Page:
Bart van Vlokhoven

ex-pat (the, m, v; plural: expats)  1. someone living abroad temporarily for his work. An expatriate or abbreviated expat is someone who is temporarily staying in a country with a different culture than that which he grew up in.

Of course, at the time of the European Football Championships I look somewhat envious to the fanaticism of some colleagues whose homeland is present in France, but all in all working amongst expats gives an extra dimension to my work environment. More than 14,000 employees with almost 100 different nationalities can be found at ASML. English is the language to communicate with colleagues from all over the world: China, Mexico, Peru, Poland ….

Every single one of them has left his or her home for an international experience. Tokyo, San Diego and Taipei are traded for Eindhoven. With both feet in the rich Dutch culture, fully accustomed to the immediacy in communicating. No talking in an elevator. Sobriety exchanged for complete madness at King’s Day. Gezellig sitting in a circle of chairs in the living room to celebrate a birthday. But weirdest of all, at least in the opinion of several exotic colleagues, the big gray public urinals … Right in the sun in the middle of the street.

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    Nice… a mirror held up by someone who takes a fresh look at our city and our culture. Well… Why do I choose for either ham or cheese on my sandwich and moreover, why not both or why not taking a little more time to prepare a nice salad?

    “Do not take your shoes off, do not feel at home…” That’s how many of them look at us. Indeed, I’m feeling quite uncomfortable when colleagues or acquaintances would visit me spontaneously during my dinner at my home. That’s how it is, after all, for decades already.

    My advice to my foreign colleagues who really want experience the Brabant culture, is to go to a friettent on Sunday night around half past six. There they should sit down, “throw in a frikandel” and  just watch and listen. This is Brabant at its best. Women with short snappy hairstyles, in one hand a white paper bag with dinner for that evening and in the other hand a phone, cigarettes and car keys.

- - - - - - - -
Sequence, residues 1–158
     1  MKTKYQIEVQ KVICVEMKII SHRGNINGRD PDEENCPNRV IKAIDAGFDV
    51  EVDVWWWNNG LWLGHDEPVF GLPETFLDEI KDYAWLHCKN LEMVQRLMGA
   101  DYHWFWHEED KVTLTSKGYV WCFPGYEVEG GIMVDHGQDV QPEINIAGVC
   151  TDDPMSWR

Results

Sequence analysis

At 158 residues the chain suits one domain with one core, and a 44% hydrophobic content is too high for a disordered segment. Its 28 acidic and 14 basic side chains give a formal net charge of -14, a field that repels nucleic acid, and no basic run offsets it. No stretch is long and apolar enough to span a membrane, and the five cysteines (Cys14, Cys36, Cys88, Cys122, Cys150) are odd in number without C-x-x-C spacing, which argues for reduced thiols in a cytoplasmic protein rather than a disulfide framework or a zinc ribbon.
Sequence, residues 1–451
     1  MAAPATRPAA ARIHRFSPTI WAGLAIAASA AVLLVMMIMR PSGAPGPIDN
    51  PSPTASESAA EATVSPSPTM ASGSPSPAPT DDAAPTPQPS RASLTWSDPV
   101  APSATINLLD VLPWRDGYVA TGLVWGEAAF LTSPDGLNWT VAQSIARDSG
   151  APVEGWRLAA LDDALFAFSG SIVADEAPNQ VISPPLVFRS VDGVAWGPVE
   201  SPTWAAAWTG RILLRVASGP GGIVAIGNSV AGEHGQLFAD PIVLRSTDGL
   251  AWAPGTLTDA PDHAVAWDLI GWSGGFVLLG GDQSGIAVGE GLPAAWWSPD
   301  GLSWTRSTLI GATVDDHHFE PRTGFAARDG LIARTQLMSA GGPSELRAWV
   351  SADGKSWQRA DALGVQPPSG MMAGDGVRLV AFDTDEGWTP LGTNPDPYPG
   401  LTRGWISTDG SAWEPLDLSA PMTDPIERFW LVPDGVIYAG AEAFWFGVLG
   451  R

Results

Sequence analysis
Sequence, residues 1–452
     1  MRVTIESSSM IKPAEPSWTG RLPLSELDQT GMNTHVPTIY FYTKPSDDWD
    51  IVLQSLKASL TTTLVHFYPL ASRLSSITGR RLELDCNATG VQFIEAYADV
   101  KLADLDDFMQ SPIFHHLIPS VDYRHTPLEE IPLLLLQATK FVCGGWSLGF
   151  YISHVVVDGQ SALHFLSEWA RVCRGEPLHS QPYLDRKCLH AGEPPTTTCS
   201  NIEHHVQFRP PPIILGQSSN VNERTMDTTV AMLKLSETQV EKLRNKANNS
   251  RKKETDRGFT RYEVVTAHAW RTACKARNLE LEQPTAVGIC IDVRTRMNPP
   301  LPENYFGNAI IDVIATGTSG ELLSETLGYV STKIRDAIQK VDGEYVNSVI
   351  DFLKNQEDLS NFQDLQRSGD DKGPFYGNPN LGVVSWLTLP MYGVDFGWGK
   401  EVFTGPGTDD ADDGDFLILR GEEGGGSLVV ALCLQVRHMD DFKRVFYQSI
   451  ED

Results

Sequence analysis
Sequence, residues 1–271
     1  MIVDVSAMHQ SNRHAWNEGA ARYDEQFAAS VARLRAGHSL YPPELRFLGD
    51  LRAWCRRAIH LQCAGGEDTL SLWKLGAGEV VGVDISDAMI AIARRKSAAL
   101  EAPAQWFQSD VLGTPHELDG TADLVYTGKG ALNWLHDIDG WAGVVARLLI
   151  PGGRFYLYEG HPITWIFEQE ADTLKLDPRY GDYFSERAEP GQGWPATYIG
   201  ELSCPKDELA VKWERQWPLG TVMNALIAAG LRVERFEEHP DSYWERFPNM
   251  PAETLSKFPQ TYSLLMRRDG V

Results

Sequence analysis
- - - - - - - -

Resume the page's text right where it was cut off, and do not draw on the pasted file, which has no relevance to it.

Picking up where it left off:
And then there are those who prefer to live in Amsterdam instead of Eindhoven. One and a half hours by car, most expats are used to commuting hours like that, and Amsterdam seems to be more appealing to some. ‘The world’s smartest city‘ is like a huge magnet for knowledge workers worldwide but Eindhoven itself has yet to earn their recognition. Even though Eindhoven is reshaped more and more as an expat environment. “Eindhoven has reinvented itself as the hip and stylish design capital” said one expat magazine.

    I do like the internationalisation of this city. Trying to understand the English gibberish in an overdose of different accents on a Friday evening in the Van Moll brewery pub. It usually provides interesting meetings and conversations. A Polish knowledge worker at Philips who asks me if I know someone to paint his apartment.

    But could I do it myself? Abandon Eindhoven, my home town, for a few years? Would I miss the city? The atmosphere at Strijp-S, a sunlit Wilhelmina Square in the summer. Would I miss PSV? I do not get much energy from the new ‘Philipsless’ appearance, but am still happy in the stands. Drink a beer, watch some football, and just talk nonsense. What would Eindhoven look like if I were to leave now and come back in a few years? Would anything be changed at all? A busier skyline maybe, or an entirely new area between the station and the Bijenkorf. Would the bus lanes have disappeared finally? Would Philips have returned on the chests of Guardado and his team mates? Would we have become even more high-tech?

    ex-pat (the, m, v; plural: expats)  1 Someone living abroad temporarily for his work…    Indeed, maybe I should try it myself.

    UPDATE: This column was written in June 2016. Bart van Vlokhoven recently moved to Portland, Oregon, which makes our columnist and his family real expats. His next column will describe his new life. 

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